The Smart City is one of today's major hypes. Everything is to become more progressive, more efficient, cleaner. A lot of projects are working towards this goal. What is lacking, however, is a comprehensive platform that lets a broad range of municipal applications work together. In the European ALMANAC project, Fraunhofer FIT is working with international partners to develop a prototype of such a platform. A key component of this platform is a service-oriented middleware that enables heterogeneous resources, devices and services to cooperate at the semantic level.
The first big hurdle in implementing Smart City projects is to work with the existing municipal services, infrastructures, databases and other resources. Here we must accept as given the current technological situation of all the players involved, including waste disposal systems, electric utility companies, water supply companies and telecom providers.
Only in a second step will it be possible to implement new technologies and to bring them together with the existing systems. This seems to be the only way to produce smart, cost-efficient services for the inhabitants of a city or a region.
This is exactly the problem that the European ALMANAC (acronym for Reliable Smart Secure Internet Of Things For Smart Cities) project works on. It will create an open Smart City platform that provides a comprehensive technological basis for a wide range of Smart City applications.
One key component of the platform is a service-oriented middleware that provides for semantic interoperability of heterogeneous resources, devices and services. Open interfaces to external services make it possible to continually enhance the platform and corresponding applications. Obviously, privacy and secure communication are important aspects here.
The technical work in ALMANAC is driven by the Smart City requirements of the city of Torino. Here we selected three application fields in which to develop and test the ALMANAC platform: waste management, water supply and citizen engagement.
Leading the project on the technical side, Fraunhofer FIT develops the overall system architecture and is involved in developing the waste management prototype. Here, the Irish company SmartBin, world-wide one of the leading suppliers of remote monitoring of waste containers, is an important partner.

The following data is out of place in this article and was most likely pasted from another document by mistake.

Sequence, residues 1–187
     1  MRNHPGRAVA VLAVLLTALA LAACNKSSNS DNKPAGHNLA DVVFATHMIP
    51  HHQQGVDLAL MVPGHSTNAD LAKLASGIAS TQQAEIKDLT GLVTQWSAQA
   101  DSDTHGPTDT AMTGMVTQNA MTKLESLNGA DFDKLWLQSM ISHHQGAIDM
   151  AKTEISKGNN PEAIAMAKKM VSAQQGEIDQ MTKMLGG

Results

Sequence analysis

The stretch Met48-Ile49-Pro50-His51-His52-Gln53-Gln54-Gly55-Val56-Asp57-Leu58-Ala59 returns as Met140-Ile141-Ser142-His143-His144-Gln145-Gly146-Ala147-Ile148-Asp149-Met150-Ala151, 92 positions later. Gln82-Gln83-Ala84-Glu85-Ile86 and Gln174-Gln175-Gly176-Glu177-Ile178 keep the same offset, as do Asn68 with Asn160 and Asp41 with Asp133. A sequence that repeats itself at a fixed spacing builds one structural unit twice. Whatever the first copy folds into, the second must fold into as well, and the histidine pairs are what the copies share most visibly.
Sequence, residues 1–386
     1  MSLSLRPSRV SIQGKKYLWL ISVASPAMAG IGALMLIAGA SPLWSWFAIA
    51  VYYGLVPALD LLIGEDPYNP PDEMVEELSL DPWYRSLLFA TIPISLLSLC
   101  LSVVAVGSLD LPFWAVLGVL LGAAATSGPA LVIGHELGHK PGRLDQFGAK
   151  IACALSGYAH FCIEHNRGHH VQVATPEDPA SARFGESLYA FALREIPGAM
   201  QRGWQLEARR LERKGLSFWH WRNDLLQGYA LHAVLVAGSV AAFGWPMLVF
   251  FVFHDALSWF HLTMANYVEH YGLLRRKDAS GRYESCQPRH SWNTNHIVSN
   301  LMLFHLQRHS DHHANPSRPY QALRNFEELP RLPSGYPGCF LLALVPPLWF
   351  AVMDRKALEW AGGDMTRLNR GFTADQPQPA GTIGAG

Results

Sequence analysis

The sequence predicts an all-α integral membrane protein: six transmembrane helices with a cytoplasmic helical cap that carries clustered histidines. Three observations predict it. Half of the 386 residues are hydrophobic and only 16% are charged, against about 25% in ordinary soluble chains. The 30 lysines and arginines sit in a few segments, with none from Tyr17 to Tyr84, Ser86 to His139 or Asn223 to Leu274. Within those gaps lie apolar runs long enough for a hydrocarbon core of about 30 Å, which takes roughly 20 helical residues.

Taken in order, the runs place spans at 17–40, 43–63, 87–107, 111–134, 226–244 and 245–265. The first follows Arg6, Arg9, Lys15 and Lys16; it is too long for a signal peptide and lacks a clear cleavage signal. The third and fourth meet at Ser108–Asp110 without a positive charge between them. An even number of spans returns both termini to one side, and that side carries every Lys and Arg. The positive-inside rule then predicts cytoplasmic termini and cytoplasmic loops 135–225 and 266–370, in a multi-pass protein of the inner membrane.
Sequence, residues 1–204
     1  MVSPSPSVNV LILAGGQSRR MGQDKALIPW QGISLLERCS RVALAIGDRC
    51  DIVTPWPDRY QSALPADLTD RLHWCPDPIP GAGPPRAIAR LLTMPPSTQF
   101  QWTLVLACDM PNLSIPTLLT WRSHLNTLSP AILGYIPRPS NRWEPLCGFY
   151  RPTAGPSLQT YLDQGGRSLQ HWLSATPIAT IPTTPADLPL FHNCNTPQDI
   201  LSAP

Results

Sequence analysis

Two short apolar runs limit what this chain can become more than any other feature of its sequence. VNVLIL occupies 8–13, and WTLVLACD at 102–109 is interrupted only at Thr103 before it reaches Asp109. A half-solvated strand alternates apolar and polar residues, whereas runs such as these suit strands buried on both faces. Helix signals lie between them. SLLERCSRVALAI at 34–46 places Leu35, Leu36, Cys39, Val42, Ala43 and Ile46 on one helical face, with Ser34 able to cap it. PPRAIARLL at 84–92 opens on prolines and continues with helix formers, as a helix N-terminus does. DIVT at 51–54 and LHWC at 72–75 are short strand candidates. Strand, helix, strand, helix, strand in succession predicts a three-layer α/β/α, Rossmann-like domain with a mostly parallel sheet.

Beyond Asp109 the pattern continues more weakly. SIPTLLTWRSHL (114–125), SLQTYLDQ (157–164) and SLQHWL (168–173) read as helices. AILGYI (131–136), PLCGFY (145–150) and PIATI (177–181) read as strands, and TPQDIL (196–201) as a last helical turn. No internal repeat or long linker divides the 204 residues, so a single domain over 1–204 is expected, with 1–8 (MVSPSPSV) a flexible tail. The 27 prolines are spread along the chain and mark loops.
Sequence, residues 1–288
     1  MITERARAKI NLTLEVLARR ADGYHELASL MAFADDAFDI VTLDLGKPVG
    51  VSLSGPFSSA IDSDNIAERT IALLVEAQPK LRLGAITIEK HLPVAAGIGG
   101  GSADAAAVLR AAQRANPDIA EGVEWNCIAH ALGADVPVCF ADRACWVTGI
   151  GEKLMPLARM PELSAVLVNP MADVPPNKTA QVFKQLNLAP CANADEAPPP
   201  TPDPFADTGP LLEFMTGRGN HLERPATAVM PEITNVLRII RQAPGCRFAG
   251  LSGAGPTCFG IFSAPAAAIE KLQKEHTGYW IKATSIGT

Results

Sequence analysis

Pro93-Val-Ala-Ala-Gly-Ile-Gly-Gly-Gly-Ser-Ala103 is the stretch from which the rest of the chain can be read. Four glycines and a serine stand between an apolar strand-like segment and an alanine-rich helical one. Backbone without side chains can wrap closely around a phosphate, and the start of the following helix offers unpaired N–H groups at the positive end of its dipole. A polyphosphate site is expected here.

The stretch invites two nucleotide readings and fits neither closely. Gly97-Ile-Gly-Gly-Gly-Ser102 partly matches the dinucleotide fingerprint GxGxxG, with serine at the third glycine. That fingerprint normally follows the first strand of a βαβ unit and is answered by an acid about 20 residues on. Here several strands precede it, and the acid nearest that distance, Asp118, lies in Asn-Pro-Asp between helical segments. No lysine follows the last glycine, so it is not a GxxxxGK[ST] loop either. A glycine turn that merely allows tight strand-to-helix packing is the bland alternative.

"SmartBin let us access real-life data about the fill levels of waste containers. This is an ideal basis for testing the functionality of the ALMANAC platform. And this information is also invaluable for profitability forecasts and for the evaluation of business models", says Marco Jahn, coordinator of the ALMANAC project at the Fraunhofer Institute for Applied Information Technology FIT.
At the moment ALMANAC focuses on collecting data and on integrating existing waste management and water management applications, because here pollution and cost can be significantly reduced without fundamentally altering the existing hardware and software infrastructures.
The ALMANAC consortium (http://www.almanac-project.eu) consists of seven organizations from four different countries. Besides Fraunhofer FIT, the partners include CNet Svenska AB, In-JeT ApS, Telecom Italia Group and City of Torino. Overall coordinator is Instituto Superiore Mario Boella – ISMB. From June 16 to June 18, 2015, they will present the ALMANAC project in Lisbon at IoT Week 2015, the leading Internet of Things conference organized by the European IERC research cluster.
Alex Deeg | Fraunhofer-Institut für Angewandte Informationstechnik FIT
Sensors embedded in sports equipment could provide real-time analytics to your smartphone
16.02.2017 | University of Illinois College of Engineering
Researchers catch extreme waves with higher-resolution modeling
15.02.2017 | DOE/Lawrence Berkeley National Laboratory
In the field of nanoscience, an international team of physicists with participants from Konstanz has achieved a breakthrough in understanding heat transport
Cells need to repair damaged DNA in our genes to prevent the development of cancer and other diseases. Our cells therefore activate and send “repair-proteins”...
The Fraunhofer IWS Dresden and Technische Universität Dresden inaugurated their jointly operated Center for Additive Manufacturing Dresden (AMCD) with a festive ceremony on February 7, 2017. Scientists from various disciplines perform research on materials, additive manufacturing processes and innovative technologies, which build up components in a layer by layer process. This technology opens up new horizons for component design and combinations of functions. For example during fabrication, electrical conductors and sensors are already able to be additively manufactured into components. They provide information about stress conditions of a product during operation.
The 3D-printing technology, or additive manufacturing as it is often called, has long made the step out of scientific research laboratories into industrial...
Nature does amazing things with limited design materials. Grass, for example, can support its own weight, resist strong wind loads, and recover after being...
Nanometer-scale magnetic perforated grids could create new possibilities for computing. Together with international colleagues, scientists from the Helmholtz Zentrum Dresden-Rossendorf (HZDR) have shown how a cobalt grid can be reliably programmed at room temperature. In addition they discovered that for every hole ("antidot") three magnetic states can be configured. The results have been published in the journal "Scientific Reports".
Physicist Dr. Rantej Bali from the HZDR, together with scientists from Singapore and Australia, designed a special grid structure in a thin layer of cobalt in...
13.02.2017 | Event News
10.02.2017 | Event News
09.02.2017 | Event News
20.02.2017 | Materials Sciences
20.02.2017 | Health and Medicine
20.02.2017 | Health and Medicine